Hans-Juergen Neumaier had finally had enough. Last November, the CIO of Sparkasse Haslach-Zell, a small savings bank in the heart of Germany’s Black Forest, pulled the Windows NT desktops off employees’ desks and replaced them with Sun Ray thin clients.
“We were so tired and angry about the constant need to patch PCs and update our antivirus software,” Neumaier says. “With all these huge virus and hacker attacks, ... we needed to do banking in a more secure way.”
Using smartcards, the bank’s consultants can log on to any workstation and access Microsoft Office and line-of-business applications stored on Sparkasse’s Linux-based terminal server. The Sun Rays use an ICA (Independent Computing Architecture) client to access the terminal. A Citrix Metaframe session captures commands and keystrokes from users, and sends back images from each app as the screen changes. With no local storage or operating system, the ultrathin Sun Rays can’t be misconfigured or infected with malware.
Alhough only one out of five Sparkasse employees currently uses a thin client, Neumaier’s ultimate goal is to move all of them away from PCs and onto Sun Rays.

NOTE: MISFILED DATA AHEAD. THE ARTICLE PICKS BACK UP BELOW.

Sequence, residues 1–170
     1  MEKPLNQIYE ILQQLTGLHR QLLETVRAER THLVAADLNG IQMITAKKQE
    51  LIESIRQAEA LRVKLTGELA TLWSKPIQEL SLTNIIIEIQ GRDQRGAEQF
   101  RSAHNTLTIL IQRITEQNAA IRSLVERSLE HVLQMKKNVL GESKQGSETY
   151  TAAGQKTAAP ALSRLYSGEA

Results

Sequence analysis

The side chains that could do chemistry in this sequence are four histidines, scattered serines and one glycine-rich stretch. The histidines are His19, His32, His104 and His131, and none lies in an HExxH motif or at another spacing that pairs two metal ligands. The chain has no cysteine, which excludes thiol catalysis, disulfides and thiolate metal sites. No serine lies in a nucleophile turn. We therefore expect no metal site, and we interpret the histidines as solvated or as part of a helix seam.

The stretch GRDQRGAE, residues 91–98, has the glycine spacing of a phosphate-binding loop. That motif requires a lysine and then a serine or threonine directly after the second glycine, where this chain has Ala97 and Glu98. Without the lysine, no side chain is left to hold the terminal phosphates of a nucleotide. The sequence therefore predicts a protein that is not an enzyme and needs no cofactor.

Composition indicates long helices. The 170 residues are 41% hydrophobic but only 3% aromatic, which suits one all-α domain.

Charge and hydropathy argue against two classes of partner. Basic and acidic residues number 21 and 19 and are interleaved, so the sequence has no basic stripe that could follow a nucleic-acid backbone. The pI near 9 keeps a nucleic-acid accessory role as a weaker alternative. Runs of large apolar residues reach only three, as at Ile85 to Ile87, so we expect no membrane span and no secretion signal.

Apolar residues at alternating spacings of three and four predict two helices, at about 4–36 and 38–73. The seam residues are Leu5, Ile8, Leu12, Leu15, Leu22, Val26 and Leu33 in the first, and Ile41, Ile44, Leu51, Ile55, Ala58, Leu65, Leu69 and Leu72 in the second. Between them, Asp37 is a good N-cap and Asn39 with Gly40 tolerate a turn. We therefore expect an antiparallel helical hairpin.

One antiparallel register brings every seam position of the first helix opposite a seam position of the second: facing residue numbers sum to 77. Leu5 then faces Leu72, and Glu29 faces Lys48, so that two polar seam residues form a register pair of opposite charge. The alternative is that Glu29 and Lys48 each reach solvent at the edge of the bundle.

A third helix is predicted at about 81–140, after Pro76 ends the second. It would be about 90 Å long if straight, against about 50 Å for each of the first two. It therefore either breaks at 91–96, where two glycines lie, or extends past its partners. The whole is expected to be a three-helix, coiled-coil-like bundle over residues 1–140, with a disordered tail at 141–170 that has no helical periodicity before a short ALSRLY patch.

“I think we’ve learned our lesson,” Neumaier says. “We’re no longer able to handle PC administration.”
Since they first began to replace “dumb” terminals in the late ’90s, thin clients have always been niche machines in industries like healthcare, banking, education, and city government. Some are “ultrathin” with no OS at all, which exchange data with servers via an ICA or RDP (Remote Desktop Protocol) client. Others are merely “thin,” sporting a firmware-based embedded OS like Windows CE or XP and a browser. A few are even ordinary desktops, stripped of local storage that use custom boot software or a terminal emulator. Although thin clients account for less than 1 percent of today’s desktop machines, they’re growing twice as fast as PCs and may account for 10 percent of all enterprise systems by 2008, according to IDC.
Click for larger view.
“Security issues have gotten absurd when it comes to desktop PCs,” says IDC analyst Bob O’Donnell. “What thin client architecture does is force you into really good IT practices. All you have to do is monitor the servers — you never have to worry about the clients.”
Dumping the Desktop
For Keith Courier, moving to thin clients isn’t just a good idea, it’s the law.
His company, Mosaic, an Omaha nonprofit that manages care for the functionally disabled and housing for independent elders, is switching from Microsoft Windows PCs to thin clients largely to comply with HIPAA (the Health Insurance Portability and Accountability Act), which requires healthcare firms to prevent unauthorized access to electronic medical records.